Thoughts Without a Thinker: Psychotherapy from a Buddhist Perspective MP3 CD – Audiobook, MP3 Audio, Unabridged
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"One of the most sophisticated integrations of therapeutic and spiritual disciplines." Daniel Goleman, author of Emotional Intelligence" --This text refers to an out of print or unavailable edition of this title.
About the Author
Mark Epstein, M.D., is a graduate of Harvard College and Harvard Medical School whose other books include Going to Pieces Without Falling Apart, Going on Being, and Open to Desire. He practices psychiatry in New York City, where he lives.
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Buddha taught that the false ego or metaphorical self causes mental suffering. Deeds exist, but no doer can be found. Thoughts exist with out a thinker. We have thoughts, feelings, a body, senses, and consciousness; all these exist, however there is no "I" or "ego". That is mental formation we hold in our mind and give it a form, but it is a mental mirage and is an illusion and is the root of all our mental suffering. That is the main teaching of this book, and if you can grasp that you overcome the world.
There are many exciting developments in the use of mindfulness and meditation in psychotherapy. A Buddhist approach is one of them. What gives such value to Epstein's approach, though, is his success at giving an overall theoretical psychodynamic framework. This book is an excellent statement on the `how it works' of meditation in psychotherapy. What is needed after a close reading of this material, are specifics on the `how to' of actually doing and using meditation within a psychotherapy practice.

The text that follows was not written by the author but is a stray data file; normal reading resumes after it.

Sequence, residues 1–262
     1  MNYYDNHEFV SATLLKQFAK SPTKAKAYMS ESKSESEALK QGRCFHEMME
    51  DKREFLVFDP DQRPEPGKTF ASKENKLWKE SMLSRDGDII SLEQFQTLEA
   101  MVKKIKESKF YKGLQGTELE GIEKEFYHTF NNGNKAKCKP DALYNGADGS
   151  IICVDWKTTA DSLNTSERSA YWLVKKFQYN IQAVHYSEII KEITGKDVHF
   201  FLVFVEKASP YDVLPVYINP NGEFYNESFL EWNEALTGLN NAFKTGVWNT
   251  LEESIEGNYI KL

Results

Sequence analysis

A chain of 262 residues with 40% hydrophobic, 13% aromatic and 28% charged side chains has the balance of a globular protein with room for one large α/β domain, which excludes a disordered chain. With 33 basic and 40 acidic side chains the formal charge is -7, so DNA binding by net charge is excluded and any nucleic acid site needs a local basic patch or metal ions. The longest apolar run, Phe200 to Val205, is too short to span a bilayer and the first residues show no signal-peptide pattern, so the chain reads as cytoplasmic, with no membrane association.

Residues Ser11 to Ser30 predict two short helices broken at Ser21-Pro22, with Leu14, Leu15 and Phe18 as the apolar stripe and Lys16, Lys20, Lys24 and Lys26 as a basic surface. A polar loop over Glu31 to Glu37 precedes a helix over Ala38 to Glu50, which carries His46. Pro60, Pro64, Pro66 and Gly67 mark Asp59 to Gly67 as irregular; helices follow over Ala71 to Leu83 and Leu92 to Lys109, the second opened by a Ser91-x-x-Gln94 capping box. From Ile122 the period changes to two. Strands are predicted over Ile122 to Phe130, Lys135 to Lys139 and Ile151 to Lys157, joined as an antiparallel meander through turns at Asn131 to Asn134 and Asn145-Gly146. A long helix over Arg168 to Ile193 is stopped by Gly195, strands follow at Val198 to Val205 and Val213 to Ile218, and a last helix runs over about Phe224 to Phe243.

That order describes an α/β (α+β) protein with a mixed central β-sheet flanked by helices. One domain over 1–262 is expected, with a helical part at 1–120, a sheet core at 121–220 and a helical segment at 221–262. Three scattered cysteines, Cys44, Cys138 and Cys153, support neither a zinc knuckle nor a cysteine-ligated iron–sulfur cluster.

---For the therapist with a psychodynamic orientation, I recommend studying the third section of this book, in which Epstein lays out a process for integrating meditation and therapy.
---For the mindful client who wants to understand the therapeutic process, a reading of the whole book will be helpful.
---The Buddhist reader will be able to better understand psychodynamic psychotherapy after reading this.
The book brilliantly explains the process of integration, but stops short of explaining exactly how to set the wheels in process. For now, psychotherapist wanting to learn the `how to' in individual psychotherapy will need supervision, as approaches are developed client by client.
I am interested in dialog on mindfulness and psychotherapy. [...]
What makes this book remarkable, for me at least, is that Epstein does NOT try to combine Buddhism and psychotherapy into a hybrid so much as he creatively and effectively uses each to reflect and inform the other. Instead of advocating a watered-down "Buddhism-Lite", or a Western psychology with some meditation draped over top, he recognizes that each has its merits, but that each can learn from the other without attempting to become the other. The result is a trenchant presentation/interpretation of Buddhism that Westerners can follow (because it starts from categories and cultural institutions rooted in Western traditions of psychology) AND an applied psychology that learns from Buddhism without trying to become Buddhism.